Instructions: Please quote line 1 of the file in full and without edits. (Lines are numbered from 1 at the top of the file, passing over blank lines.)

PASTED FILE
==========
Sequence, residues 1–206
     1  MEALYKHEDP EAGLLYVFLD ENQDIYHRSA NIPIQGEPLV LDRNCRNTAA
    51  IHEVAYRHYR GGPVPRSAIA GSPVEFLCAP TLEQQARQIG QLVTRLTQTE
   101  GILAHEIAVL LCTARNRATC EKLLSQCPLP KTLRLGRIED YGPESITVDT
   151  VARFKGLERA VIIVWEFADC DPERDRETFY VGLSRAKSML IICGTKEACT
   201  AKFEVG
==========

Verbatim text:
Sequence, residues 1–206